Examples of oviparous, viviparous and ovoviviparous animals –

The classification made by biology between oviparous, viviparous and ovoviviparous animals has to do with the form of reproduction and birth. Here we will expose examples of oviparous, viviparous and ovoviviparous animals their main characteristics and differences.

oviparous

Animals that lay eggs are called oviparous. In oviparous animals, fertilization takes place internally, but embryonic development takes place externally. Fertilization takes place inside the female who, after a development time, releases the eggs outside. The name oviparous comes from the Latin, ovum-parire that is for females to lay eggs.
The egg is fertilized when it is placed in a dry place. On the contrary, in humid environments, the eggs are not yet fertile, and once placed in the water, the male pours his sperm on them, completing their fertilization.
When the hatchling is ready to hatch, the moment when the egg breaks and the hatchling comes out, is called hatching, and signifies the birth of the hatchling.

Examples of Oviparous

All birds lay eggs with a typical hard calcium shell. Frogs are amphibians that lay soft gelatinous eggs that require constant hydration. Almost all fish are oviparous. Except for a few species of snakes, all other reptiles are oviparous. In mammals, the echidna and the platypus lay eggs (which is why they are mammals and oviparous at the same time).

insects
reptiles
Amphibians (frogs, toads)
Fish
Birds
Monotremata mammals such as the platypus and echidna

viviparous

Animals that give birth to young are called viviparous. In viviparous animals, both fertilization and embryo development take place inside the female’s womb. Once the development of the fetus is complete, the mother gives birth to the young. This development is known as matrotrophy where the embryo obtains nutrients directly from the mother.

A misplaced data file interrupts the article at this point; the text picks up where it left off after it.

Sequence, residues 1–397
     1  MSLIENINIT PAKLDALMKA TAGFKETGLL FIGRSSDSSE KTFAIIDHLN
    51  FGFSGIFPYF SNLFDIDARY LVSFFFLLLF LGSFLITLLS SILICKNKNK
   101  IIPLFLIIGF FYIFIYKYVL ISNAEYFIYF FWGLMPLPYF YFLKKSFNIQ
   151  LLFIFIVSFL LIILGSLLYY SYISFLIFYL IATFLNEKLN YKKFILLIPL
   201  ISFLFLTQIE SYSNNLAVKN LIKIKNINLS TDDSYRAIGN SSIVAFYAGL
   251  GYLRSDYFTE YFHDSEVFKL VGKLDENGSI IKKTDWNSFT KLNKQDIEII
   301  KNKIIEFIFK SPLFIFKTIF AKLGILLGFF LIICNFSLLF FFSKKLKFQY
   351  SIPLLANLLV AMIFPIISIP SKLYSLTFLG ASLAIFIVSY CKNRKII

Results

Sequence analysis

The fetus grows inside the placenta, a bag that contains all the nutrients needed to develop organs and bone structure. The characteristic that distinguishes viviparous from other animals is that the nutrition of the fetus is developed through the mother.
Mammals are viviparous, except monotremes, which are oviparous mammals.

Examples of viviparous

Human beings
Cow
Primates (Chimpanzees, orangutans, gorillas, etc.)
pigs
elephants
rabbits
cats
Dogs
Bears

ovoviviparous

In the case of ovoviviparous animals, fertilization is internal and the development of the egg lacks nutrition from the mother. The egg develops and hatches inside the mother’s body. The eggs incubate inside the mother. Once the egg hatches, it remains inside the mother for a period of time and is nourished from within, but not through a placental appendage. Ovoviviparous animals are born alive.

Examples of Ovoviviparous

sharks
snakes
Fish
Stripes
insects

Differences between oviparity and ovoviviparity

Oviparity is different from ovoviviparity in that eggs in oviparity may or may not undergo internal fertilization, but are laid and rely on the yolk sac for nourishment until the time they hatch.
These animals do not display an umbilical cord, which is typically their physical attachment to the mother for nutrient requirements and gas exchange. In such cases, the food is obtained from the yolk of the egg. When this yolk is depleted, the mother provides additional nutrition in the form of unfertilized eggs and uterine secretions.
One of the advantages of ovoviviparous animals is that, after birth, the young are competent enough to feed and defend themselves.